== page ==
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    Lin-Manuel Miranda Spoke About The Importance Of Not Putting An "Undue Burden Of Representation" On "In The Heights"

    "We had to have the audacity to write about ourselves with love."

    Lin-Manuel Miranda reflected on the importance of Latinx representation in Hollywood and musicals.

    Rich Polk / Getty Images for IMDb

    As you're likely aware, Lin-Manuel and Quiara Alegría Hudes' Broadway-musical-turned-movie In the Heights is currently out in theaters. The story follows a largely Dominican community in Washington Heights over the span of three days.

    Warner Bros. / Courtesy Everett Collection

    Lin-Manuel wrote the first draft of In the Heights when he was 19 in college, living at the Latino program house at Wesleyan University. Speaking to Vox, he said, "I think that was a big part of me being able to access more of myself in my writing," he explained. "Everything I’d written prior to then kind of sounded like [Rent composer] Jonathan Larson, kind of musical theater-ish, rock-ish stuff. But I didn’t bring any of my culture to it or any of my heritage to it."

    Warner Bros. / Courtesy Everett Collection

    "This was in 1999 or 2000, at the time of the first Latin pop boom. Ricky Martin, 'Cup of Life.' Marc Anthony singing in English for the first time. Enrique Iglesias, 'Bailamos,'" he continued. "I’m watching all these incredibly talented Latin guys. But they’re all incredibly hot Latin guys, and I was like, 'That’s not me.'"

    Frazer Harrison / Getty Images

    "Part of the genesis of the show was Latino representation in musical theater, which has a miserable track record. I think the only place with a worse track record is Hollywood — maybe not worse, but super different," Lin-Manuel added, explaining how pervasive drugs and crime are in Hollywood Latinx representation. "That’s just not what we were interested in, but it’s so prevalent."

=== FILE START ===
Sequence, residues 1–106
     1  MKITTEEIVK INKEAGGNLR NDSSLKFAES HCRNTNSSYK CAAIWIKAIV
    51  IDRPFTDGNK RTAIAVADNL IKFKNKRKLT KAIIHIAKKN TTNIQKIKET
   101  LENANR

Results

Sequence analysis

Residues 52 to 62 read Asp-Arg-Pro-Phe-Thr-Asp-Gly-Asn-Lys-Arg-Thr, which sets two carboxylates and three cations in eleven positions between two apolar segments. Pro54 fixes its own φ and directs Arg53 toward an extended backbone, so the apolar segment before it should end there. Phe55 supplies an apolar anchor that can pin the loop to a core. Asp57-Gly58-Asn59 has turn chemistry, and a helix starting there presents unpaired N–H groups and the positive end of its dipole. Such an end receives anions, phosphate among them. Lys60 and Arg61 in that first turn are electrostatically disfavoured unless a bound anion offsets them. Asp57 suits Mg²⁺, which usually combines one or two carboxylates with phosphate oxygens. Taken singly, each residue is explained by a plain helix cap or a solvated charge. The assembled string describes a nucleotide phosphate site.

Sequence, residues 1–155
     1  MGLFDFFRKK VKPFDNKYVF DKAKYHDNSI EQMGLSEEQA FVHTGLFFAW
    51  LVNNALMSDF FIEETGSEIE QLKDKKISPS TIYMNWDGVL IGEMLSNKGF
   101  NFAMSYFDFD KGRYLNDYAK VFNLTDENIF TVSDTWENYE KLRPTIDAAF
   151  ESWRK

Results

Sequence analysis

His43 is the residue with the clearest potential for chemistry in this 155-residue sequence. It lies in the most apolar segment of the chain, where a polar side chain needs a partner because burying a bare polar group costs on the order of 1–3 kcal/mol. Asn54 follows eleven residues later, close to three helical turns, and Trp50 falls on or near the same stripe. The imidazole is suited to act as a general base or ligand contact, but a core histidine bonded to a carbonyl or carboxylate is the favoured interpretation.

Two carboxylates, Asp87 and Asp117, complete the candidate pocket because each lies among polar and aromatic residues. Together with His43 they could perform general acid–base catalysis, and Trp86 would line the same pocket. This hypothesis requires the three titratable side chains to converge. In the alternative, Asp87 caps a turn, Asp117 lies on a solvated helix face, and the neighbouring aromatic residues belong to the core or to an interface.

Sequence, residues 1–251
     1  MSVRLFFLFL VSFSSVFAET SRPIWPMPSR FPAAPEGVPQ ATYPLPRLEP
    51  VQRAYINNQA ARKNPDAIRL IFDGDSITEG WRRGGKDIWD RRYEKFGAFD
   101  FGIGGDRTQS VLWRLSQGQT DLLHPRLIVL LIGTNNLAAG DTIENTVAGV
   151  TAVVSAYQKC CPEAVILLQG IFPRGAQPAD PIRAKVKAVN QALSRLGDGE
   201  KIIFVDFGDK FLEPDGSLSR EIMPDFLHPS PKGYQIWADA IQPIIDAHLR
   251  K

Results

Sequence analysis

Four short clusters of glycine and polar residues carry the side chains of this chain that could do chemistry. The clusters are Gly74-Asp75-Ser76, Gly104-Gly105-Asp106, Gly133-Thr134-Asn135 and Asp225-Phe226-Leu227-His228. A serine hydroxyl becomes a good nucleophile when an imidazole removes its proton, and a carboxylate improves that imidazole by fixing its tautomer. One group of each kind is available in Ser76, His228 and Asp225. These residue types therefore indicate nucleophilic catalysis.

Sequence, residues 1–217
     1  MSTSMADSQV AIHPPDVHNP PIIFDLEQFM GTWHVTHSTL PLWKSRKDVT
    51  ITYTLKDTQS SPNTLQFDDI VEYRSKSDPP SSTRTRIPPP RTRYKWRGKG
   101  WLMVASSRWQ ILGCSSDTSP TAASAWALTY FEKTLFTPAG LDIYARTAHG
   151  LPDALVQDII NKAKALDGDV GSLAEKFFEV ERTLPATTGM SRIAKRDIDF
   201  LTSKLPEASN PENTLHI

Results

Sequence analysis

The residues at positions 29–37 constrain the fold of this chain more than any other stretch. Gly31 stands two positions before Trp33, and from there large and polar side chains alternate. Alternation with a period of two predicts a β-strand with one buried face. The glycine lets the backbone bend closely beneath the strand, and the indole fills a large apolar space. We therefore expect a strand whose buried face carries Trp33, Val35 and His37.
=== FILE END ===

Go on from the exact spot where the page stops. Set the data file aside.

Jason Kempin / WireImage / Getty Images

    "If you go read the reviews of the original Broadway show, they were like, 'This is Sesame Street. There’s no drugs, there’s no crime.' We had to have the audacity to write about ourselves with love, and to write about struggling businesses and struggling with college and the stuff that everyone else has permission to write about but us, apparently. If we do it, we’re airbrushing."

    Theo Wargo / WireImage / Getty

    I believe the Sesame Street review reference is to this 2007 New York Times review.

    "It’s unfair to put any kind of undue burden of representation on In the Heights," Lin-Manuel said. "There are so many millions of stories [...] — from the cultural specificities of the Puerto Rican American experience, the Dominican American experience, the Cuban American experience, and we couldn’t get our arms around all of that."

    Warner Bros. / courtesy Everett Collection

    Indeed, the story Lin-Manuel tells in In the Heights is directly related to his experiences as a first-generation immigrant — but there's plenty more that will hopefully get to be told on the big screen.

    Warner Bros. / courtesy Everett Collection

    In the Heights is currently out in theaters and available to stream on HBO Max.

    You can read the full interview here.

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